Dr. Tomáš Novotný isn’t Jewish, but you wouldn’t know it from looking at his CV.
Novotný, a professor of comparative religion, Judaism, and Hebrew at Ostrava University in the Czech Republic, leads as culturally Jewish of a life as you can get. After studying Torah in Prague, he eventually fell in love with modern Hebrew and Jewish music. His philo-Semitism, Dr. Novotný told us, simply stems from all of the Jewish friends and classmates he had growing up—not to mention his mother, whose Jewish friends “were always part of her stories.”
Though academia may be Dr. Novotný’s day job, his real passion, it seems, is Hebrew choral music. One semester, Dr. Novotný put his musical training to good use (he studied French Horn and Conducting at Prague Conservatory), by teaching Hebrew through music. It was from this class that Dr. Novotný’s passion was born: he founded a girls’ choir—Adash—that has performed hundreds of concerts of Hebrew music.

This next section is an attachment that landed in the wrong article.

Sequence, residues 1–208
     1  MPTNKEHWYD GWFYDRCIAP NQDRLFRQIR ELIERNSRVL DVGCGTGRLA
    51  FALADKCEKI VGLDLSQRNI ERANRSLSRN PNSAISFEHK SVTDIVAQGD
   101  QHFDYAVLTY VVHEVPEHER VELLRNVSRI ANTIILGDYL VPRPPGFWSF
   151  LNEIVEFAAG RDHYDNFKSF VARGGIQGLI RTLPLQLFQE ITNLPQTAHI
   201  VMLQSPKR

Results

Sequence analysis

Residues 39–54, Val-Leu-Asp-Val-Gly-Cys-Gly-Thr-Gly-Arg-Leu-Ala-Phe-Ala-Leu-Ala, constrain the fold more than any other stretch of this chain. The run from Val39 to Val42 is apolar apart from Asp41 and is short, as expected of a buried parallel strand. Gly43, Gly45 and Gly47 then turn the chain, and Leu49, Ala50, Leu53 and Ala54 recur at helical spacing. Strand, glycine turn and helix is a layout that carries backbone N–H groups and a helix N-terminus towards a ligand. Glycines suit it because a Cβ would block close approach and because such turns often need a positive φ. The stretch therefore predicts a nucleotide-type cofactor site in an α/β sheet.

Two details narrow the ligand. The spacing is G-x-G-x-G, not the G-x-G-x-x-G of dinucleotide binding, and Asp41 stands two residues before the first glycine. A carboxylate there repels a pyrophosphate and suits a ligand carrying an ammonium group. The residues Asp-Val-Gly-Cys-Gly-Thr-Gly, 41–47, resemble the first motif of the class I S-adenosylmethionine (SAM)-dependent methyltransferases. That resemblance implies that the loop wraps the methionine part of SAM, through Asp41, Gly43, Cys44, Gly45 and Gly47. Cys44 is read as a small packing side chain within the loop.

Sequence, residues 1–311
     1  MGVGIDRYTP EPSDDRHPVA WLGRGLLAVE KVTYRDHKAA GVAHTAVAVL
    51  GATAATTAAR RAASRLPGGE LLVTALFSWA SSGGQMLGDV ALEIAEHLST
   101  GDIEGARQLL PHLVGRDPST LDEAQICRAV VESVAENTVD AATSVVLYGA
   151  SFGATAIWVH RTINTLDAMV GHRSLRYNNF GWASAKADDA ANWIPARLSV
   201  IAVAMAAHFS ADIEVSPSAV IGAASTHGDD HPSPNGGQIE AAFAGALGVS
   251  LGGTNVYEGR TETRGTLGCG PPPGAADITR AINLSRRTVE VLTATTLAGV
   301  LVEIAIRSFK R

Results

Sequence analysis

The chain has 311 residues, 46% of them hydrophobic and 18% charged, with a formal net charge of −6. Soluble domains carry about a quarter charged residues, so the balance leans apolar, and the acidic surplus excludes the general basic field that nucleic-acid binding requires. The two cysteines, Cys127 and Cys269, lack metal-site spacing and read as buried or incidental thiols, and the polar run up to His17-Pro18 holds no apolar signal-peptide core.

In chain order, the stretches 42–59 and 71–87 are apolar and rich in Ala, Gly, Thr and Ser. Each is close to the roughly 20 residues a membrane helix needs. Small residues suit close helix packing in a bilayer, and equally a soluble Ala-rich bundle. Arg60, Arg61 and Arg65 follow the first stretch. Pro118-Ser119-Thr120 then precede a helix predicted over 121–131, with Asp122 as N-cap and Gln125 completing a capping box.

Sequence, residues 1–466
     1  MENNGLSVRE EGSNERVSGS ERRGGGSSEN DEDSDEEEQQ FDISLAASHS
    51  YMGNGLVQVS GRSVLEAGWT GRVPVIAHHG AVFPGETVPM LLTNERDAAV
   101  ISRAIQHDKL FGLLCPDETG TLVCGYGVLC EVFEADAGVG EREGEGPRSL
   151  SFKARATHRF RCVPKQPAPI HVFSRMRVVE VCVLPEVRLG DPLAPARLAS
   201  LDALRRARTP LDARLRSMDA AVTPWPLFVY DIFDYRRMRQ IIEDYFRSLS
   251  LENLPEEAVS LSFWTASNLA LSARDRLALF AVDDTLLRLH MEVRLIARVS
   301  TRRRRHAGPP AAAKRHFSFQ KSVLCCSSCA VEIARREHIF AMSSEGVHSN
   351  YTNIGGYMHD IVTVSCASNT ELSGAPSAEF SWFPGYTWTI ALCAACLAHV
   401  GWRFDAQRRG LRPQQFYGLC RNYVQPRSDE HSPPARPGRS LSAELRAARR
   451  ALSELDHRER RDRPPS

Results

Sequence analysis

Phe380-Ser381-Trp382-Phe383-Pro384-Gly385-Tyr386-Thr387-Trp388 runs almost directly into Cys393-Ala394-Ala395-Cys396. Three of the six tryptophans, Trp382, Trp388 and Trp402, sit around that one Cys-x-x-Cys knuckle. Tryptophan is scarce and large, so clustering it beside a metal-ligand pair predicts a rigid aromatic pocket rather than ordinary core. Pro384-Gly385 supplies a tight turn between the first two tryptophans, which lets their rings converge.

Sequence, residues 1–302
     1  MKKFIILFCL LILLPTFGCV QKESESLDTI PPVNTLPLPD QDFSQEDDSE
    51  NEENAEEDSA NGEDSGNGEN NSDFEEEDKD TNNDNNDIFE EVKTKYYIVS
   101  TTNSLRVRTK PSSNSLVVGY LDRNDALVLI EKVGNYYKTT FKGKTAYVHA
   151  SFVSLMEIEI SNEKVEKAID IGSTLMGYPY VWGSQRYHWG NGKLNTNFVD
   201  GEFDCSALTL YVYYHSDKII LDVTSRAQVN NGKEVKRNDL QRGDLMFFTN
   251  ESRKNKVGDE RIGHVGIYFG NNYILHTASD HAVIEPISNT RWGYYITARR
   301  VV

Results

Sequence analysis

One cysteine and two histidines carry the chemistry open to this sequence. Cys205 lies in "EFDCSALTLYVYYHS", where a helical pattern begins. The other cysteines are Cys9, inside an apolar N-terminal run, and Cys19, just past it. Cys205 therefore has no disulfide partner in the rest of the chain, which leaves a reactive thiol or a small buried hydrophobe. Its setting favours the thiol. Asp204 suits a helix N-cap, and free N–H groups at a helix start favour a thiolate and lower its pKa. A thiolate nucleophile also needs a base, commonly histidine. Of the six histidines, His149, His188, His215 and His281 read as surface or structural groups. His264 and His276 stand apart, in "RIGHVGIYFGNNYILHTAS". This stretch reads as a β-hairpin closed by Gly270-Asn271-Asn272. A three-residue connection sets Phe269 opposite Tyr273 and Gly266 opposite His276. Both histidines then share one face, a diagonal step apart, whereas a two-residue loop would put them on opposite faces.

He also conducts Noach, a choir whose oeuvre borrows from Hasidic music, with a klezmer duo for accompaniment:
The name Noach refers to the fact that the choir’s members are sons of Noah—that is, not Jewish.
And if all that isn’t impressive enough, Dr. Novotný once won a competition composing a Yiddish song—but that, he told us, “is another long story.”
Photo courtesy Tomáš Novotný